Media release

World Rivers Day heralds boost for water quality data

Sunday 24 September 2017

Understanding and improving our waterways requires high quality information and communities can now access the latest on their rivers, lakes and streams thanks to fresh data available today. World Rivers Day highlights the value many people see in rivers, and strives to increase public awareness and improved stewardship of rivers around the world.

LAWAWater quality is of high importance to many across New Zealand and became a key election issue.  It is clear New Zealanders want to see a lift in the quality of our fresh water resources. 

This World Rivers Day environmental monitoring organisation Land, Air, Water Aotearoa (LAWA) is adding the latest fresh water quality data at, where communities can easily access data from over 1400 lakes and river monitoring sites. 

LAWA is a collaboration between New Zealand’s regional and unitary councils, the Cawthron Institute and the Ministry for the Environment and pulls together data on water, air and land quality from around the country.  

Local Government New Zealand Regional Sector chairman Doug Leeder says it is increasingly important the public has up-to-date information on the quality of their waterways. 

“Having easy access to reliable information will create a greater understanding on the state of our waterways, help people make good choices about how they use them and help support the changes that they want to see for their lakes and rivers,” Mr Leeder says.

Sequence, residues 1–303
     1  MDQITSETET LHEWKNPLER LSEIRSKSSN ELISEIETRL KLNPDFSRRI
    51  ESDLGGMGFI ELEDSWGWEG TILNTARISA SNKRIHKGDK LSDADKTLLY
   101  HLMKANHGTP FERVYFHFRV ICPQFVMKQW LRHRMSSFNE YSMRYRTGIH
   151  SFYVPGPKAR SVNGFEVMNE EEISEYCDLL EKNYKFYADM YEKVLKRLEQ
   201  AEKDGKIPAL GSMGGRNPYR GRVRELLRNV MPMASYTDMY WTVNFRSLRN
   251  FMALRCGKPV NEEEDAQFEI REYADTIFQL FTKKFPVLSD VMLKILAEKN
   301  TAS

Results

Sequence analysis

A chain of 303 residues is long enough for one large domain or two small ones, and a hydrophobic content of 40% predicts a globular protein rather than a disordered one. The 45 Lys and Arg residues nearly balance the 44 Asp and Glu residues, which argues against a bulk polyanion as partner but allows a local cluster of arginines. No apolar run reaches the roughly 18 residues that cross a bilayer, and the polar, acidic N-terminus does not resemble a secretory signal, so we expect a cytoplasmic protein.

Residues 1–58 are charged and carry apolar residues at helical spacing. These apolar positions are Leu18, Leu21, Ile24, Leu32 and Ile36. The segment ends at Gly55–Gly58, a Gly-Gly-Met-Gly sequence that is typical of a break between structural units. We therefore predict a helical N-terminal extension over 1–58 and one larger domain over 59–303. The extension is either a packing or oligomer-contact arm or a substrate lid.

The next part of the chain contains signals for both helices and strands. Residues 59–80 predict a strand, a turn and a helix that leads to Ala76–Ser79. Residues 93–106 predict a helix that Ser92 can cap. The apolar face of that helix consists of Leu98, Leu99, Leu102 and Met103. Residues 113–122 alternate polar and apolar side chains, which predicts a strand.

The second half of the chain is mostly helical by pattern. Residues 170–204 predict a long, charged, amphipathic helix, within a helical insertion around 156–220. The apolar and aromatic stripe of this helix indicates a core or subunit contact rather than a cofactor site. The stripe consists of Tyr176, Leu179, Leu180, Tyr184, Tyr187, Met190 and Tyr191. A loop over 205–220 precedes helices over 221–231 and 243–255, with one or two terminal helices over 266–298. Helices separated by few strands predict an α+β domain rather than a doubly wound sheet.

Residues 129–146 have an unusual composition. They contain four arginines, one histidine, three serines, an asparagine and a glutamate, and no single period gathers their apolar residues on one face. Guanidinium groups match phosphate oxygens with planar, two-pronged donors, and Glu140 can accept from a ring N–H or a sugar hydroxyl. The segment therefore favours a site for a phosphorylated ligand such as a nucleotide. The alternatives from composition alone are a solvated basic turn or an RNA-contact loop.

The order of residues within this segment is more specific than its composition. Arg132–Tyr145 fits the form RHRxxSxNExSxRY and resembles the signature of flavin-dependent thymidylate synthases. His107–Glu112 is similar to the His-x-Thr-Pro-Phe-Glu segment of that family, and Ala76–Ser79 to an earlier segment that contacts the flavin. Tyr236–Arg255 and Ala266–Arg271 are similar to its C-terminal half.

Freshwater Group Manager at the Cawthron Institute Dr Roger Young says LAWA is a world first initiative in making a wide range of environmental data for a whole country available to the public in one place. 

“LAWA is all about open, transparent access to data that everyone can trust.  As independent validators, our role is to check that the data is collected, analysed and reported in the right way and can be trusted,” Dr Young says. 

A new LAWA topic to go live on World Rivers Day is ‘land cover’ which, describes the types of vegetation and features that cover the land’s surface, like forests, shrublands, grasslands, crops, urban areas, or roads.  The type and location of vegetation cover can influence land stability, the amount of sediment and contaminants reaching our waterways and the movement of water through the landscape. 

LAWA Chair and Otago Regional Councillor Stephen Woodhead says the land cover component is another excellent tool for helping understand water quality.  

“By measuring land cover, we can start to understand the physical make-up of our landscapes and how they are changing.  The biggest factor impacting land change is caused by people and the health of waterways is directly related to what happens on the land around them,” Mr Woodhead says. 

“To make informed decisions, communities need to understand what is happening and LAWA is designed to provide that information.” 

Work is currently underway on other environmental indicators for LAWA including updating the Can I swim here? feature for the summer, and providing a groundwater quality section next year.